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Title: The developmental genetics of exaggerated eyespan in stalk-eyed flies
Author: Hurley, Imogen Anne
ISNI:       0000 0001 3584 886X
Awarding Body: University of London
Current Institution: University College London (University of London)
Date of Award: 2002
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Stalk-eyed flies have their eyes and antennae projected on lateral extensions of the head known as eyestalks. It has previously been shown that this trait is under sexual selection, as females prefer to mate with males with the largest eyespan in some stalk-eyed fly species. However, the developmental biology underlying eyestalks is unknown. In this thesis I investigated how this exaggerated trait is constructed. In Diptera, the eyes, antennae and dorsal head are derived from the fusion of two eye-antennal imaginal discs. The disc morphology of two species of stalk-eyed fly, Cyrtodiopsis dalmanni and Sphyracephala beccarri is very similar to Drosophila melanogaster. However, an extra disc region exists in the stalk-eyed fly which is absent in D. melanogaster. Using key regulators of D. melanogaster head development, I showed that these genes have conserved expression in the eye-antennal imaginal disc of stalk-eyed flies. The expression of genes that specify the extremes of the dorsal head in D. melanogaster was preserved in the stalk-eyed fly disc despite their disparate head morphology. Also, although the adult antenna and eye are adjacent in stalk-eyed flies, the disc regions that will form these structures are widely separated. A fate map of the disc regions was deduced from in vivo culture of disc fragments. This work confirmed my expression data. Surprisingly, the regions that will form the palpus and antenna are adjacent in the eye-antennal disc, yet the adult structures they will form are widely separated. Conversely, the regions that will form the eyestalk and antenna are separated in the disc even though in the adult they are adjoining. To further explore these issues I successfully performed a D. melanogaster P-element enhancer trap screen in which I found several genes involved in head capsule morphogenesis and also produced and characterised a cDNA library from the larval stage of C. dalmanni (Diopsidae).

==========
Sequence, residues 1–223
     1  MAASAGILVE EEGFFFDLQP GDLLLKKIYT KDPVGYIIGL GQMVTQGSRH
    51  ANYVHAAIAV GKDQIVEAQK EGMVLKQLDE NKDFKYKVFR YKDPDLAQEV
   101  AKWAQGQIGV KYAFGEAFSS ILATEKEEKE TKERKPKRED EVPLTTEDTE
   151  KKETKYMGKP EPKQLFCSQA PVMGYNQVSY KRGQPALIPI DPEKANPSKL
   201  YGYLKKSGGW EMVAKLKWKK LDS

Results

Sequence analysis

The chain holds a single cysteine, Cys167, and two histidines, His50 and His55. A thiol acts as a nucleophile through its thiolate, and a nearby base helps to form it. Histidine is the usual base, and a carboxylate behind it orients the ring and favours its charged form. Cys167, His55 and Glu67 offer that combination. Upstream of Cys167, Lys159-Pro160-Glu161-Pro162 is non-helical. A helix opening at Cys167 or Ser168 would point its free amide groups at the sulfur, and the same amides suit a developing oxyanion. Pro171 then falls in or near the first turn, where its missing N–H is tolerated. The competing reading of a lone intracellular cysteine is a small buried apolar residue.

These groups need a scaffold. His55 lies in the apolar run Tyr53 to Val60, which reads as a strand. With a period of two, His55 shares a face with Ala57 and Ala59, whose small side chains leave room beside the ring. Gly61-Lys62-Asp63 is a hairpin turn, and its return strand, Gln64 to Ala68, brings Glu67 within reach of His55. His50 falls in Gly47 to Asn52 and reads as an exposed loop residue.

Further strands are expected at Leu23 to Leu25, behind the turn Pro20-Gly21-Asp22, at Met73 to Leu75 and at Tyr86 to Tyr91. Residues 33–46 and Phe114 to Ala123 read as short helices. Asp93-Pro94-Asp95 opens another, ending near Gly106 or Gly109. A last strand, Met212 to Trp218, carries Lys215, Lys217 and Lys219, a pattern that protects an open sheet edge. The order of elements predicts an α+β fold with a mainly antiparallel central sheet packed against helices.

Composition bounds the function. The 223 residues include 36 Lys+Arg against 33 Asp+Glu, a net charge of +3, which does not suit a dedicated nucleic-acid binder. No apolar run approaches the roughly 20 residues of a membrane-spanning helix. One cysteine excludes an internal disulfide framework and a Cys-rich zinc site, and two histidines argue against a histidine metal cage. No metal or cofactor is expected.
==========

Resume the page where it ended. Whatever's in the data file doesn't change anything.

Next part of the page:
Supervisor: Not available Sponsor: Not available
Qualification Name: Thesis (Ph.D.) Qualification Level: Doctoral
EThOS ID:  DOI: Not available
Keywords: Zoology